In the end, one of the results of the strike movement was the formation of important underground unions, of which the police took notice at the end of December 1936. The Communists had created the Tong Cong Hoi (General Workers’ Union), and were represented in at least 11 important enterprises, notably the Arsenal, the FACI and Shell , and had published at the end of January the first number of Hop Nhut (The Union). By 1 March 1937 they numbered 800 members in Saigon and 700 others in several sympathising groups.  In addition the underground Trotskyist militants were in the process of getting an important audience in the Saigon working class. They were active in the factories, notably the Arsenal – where they were more influential than the Communists  – on the railways, in the water and electric companies, and had formed another embryonic general union, the Lien Hiep Uy Tho Thuyen (The General Workers’ Federation) which, after November 1936, regularly published the monthly Lien Hiep (The Union), a union propaganda organ. 
The split in La Lutte in June 1937 had led within two months to the ruin of the political project that was conceived the year before by the Vietnamese Communists and Trotskyists. The event is not a superficial one in Vietnamese political history. In a sense it opened the way to the ideological reorientation of Communism, which culminated in the foundation of the Vietminh, and through this established new roots in the national revolutionary tradition. Crucially, however, this split brought into play the principle factors which affected the general evolution of the revolutionary parties: the changes in the dynamism of the mass movements on the basis of doctrinal choice, the personality of human beings, and the impact of the policy of the colonial government and of the Comintern on the course of the national movement, etc. It is still necessary to add that, like all splits during the Stalinist epoch, it harboured no fewer emotional repercussions than reasoned elements. Their combination would result in the widening of the split into an irreconcilable conflict, culminating in its tragic end in 1945.
Underground Trotskyism did not have the same strength. In Vietnam, as in many other countries, it seems, moreover, to have always kept a group structure without ever truly acquiring that of a solidly organised and geographically spread party.  Ta Thu Thau was above all an orator, perhaps by personal temperament and certainly as a result of his ro1e in legal political life. Nevertheless, since the scuttling of Militant in October 1936, the illegal Trotskyist group of Ho Huu Tuong, because of the difference in its experience in 1931-32, had succeeded in providing a complete system of both legal and underground publications, and it was in the process of becoming a force to be reckoned with.  It published its constitution in the May 1937 issue of its paper, Tien Quan (The Vanguard). The Trotskyists had won young followers in the Saigon factories in which they had done their best to build trade union committees. These, the embryos of a working class trades unionism, absorbed most of their efforts, apart from propagandist action in Saigon-Cholon, as well as in some central provinces like Mytho and Travinh , and some help they gave to the Action Committees.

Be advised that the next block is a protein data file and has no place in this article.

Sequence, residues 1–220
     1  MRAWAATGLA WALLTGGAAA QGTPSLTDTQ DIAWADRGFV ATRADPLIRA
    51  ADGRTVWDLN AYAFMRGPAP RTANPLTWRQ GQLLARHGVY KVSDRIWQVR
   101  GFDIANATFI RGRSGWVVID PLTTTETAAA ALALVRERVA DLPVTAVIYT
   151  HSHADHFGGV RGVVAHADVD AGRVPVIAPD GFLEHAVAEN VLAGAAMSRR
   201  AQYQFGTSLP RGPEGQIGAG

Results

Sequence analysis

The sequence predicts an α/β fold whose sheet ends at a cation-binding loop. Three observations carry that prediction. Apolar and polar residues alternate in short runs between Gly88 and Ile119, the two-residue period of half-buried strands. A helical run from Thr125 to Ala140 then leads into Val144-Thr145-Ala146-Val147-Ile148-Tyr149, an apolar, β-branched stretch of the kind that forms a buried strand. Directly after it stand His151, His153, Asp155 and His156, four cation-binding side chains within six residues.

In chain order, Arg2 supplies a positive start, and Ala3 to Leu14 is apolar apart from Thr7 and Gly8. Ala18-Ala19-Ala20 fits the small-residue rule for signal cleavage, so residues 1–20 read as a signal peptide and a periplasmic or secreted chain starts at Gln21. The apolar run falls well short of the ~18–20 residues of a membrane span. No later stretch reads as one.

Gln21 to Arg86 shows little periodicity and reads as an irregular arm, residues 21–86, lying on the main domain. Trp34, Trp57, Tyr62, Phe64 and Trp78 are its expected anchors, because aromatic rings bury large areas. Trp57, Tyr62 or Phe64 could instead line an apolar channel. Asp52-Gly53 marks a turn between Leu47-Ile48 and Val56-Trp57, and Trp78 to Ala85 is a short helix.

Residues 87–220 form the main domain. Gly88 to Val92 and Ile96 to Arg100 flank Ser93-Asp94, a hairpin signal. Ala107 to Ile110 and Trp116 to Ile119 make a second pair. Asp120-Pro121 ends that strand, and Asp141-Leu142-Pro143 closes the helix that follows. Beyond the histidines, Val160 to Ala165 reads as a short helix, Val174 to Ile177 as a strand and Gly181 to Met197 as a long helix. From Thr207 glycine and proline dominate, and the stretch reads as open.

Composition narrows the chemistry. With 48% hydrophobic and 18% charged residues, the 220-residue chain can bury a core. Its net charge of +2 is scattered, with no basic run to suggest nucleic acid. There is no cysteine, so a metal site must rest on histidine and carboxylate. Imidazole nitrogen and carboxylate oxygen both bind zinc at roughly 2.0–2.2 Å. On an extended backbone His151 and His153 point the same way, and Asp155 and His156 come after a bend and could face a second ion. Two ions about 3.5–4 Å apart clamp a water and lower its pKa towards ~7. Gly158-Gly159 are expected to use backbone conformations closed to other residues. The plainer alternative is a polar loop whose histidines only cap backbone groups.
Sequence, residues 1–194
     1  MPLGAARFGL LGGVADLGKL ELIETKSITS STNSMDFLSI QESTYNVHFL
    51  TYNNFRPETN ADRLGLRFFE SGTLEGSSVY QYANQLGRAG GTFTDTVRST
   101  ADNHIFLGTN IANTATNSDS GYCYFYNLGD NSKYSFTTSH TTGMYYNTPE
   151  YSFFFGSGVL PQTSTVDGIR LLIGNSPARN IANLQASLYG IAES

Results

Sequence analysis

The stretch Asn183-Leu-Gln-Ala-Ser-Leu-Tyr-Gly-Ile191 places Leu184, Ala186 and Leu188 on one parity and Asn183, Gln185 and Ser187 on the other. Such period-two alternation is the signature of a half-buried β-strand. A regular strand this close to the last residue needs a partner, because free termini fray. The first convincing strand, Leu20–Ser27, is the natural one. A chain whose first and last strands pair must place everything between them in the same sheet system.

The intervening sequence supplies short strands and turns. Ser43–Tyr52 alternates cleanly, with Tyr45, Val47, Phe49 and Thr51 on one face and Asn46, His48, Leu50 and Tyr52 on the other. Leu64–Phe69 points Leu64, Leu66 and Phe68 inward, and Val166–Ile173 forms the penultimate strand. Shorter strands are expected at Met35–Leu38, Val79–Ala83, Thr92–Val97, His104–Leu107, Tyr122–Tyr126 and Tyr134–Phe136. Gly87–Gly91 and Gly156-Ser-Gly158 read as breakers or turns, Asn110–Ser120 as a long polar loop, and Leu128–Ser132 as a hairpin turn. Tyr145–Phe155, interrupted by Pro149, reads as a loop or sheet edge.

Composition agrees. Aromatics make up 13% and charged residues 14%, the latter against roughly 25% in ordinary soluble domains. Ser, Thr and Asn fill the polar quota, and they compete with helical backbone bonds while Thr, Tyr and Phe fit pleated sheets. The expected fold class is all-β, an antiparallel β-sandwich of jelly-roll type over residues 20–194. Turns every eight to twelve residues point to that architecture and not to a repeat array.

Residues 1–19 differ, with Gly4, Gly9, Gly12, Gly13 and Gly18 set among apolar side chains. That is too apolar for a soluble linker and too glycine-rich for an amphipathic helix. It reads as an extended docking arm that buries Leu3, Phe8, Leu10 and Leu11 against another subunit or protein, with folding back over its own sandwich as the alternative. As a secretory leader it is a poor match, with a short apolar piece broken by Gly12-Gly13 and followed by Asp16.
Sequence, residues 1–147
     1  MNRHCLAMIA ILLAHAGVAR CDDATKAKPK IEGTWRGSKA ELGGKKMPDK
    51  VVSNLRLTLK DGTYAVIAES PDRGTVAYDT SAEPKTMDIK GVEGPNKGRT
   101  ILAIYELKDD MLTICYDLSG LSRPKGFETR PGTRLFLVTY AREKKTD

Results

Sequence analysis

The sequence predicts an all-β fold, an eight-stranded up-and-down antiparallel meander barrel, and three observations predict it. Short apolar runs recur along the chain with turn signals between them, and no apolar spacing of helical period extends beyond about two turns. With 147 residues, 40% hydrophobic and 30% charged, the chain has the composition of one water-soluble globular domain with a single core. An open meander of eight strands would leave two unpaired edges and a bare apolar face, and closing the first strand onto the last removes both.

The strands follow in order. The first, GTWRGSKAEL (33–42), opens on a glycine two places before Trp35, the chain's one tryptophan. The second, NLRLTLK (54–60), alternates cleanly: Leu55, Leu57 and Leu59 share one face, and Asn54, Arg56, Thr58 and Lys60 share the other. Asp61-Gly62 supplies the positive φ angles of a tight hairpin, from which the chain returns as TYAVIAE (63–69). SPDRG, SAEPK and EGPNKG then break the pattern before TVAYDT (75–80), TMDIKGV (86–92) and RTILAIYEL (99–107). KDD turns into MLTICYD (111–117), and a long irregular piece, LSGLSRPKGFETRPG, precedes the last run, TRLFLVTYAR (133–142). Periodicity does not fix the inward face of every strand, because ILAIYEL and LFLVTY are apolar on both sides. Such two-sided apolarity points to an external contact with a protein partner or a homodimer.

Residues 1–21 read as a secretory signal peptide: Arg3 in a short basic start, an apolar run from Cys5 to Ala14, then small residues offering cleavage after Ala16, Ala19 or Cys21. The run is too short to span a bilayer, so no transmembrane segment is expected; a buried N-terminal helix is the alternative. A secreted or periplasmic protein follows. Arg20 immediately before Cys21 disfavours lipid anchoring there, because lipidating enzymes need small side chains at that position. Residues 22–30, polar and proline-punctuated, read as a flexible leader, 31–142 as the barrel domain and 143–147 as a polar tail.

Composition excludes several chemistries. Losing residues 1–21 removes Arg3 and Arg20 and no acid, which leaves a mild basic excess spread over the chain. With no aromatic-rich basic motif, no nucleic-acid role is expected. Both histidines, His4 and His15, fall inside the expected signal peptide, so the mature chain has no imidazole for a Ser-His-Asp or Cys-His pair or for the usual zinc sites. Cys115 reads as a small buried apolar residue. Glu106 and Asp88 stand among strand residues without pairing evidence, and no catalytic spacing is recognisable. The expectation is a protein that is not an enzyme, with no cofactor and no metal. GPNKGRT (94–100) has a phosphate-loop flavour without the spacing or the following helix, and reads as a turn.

In the spring of 1937 their members had set up a trade union federation of Nam Ky (Lien Uy Tho Thuyen), whose rules were published and adopted on 1 May.  It had active organisers in at least 39 workplaces in Saigon and Cholon: the Arsenal, where they were particularly influential, the French Est-Asiatique, the FACI, the railways, rubber manufacture, the tramways company, Indochina distilleries at Binh Tay, the water and electricity company, Franco Asiatique oil, the rice mills at Hiep Xuong, Duc Hiep, Extreme Orient and Hang Thai at Cholon, among the dockers, the labourers in the ricemills, and among the workers in the potteries and the sugar mills of the provinces Cholon, Giadinh and Thudaumot. 
Fairly numerous documents show that the Trotskyist worker militants and their sympathisers played a leading part in the organisation of strikes in 1936-37 in the South. In the absence of sufficiently conclusive pieces of evidence it is difficult to be more positive, but it is probable that their role was considerable in the great strikes from May to July 1937.  The Vietnamese Trotskyist movement – the expression already corresponds to reality – had from the beginning a successful implantation in the Saigon region, whose importance moreover can be measured by the frequent warnings against Trotskyism in the underground Communist press.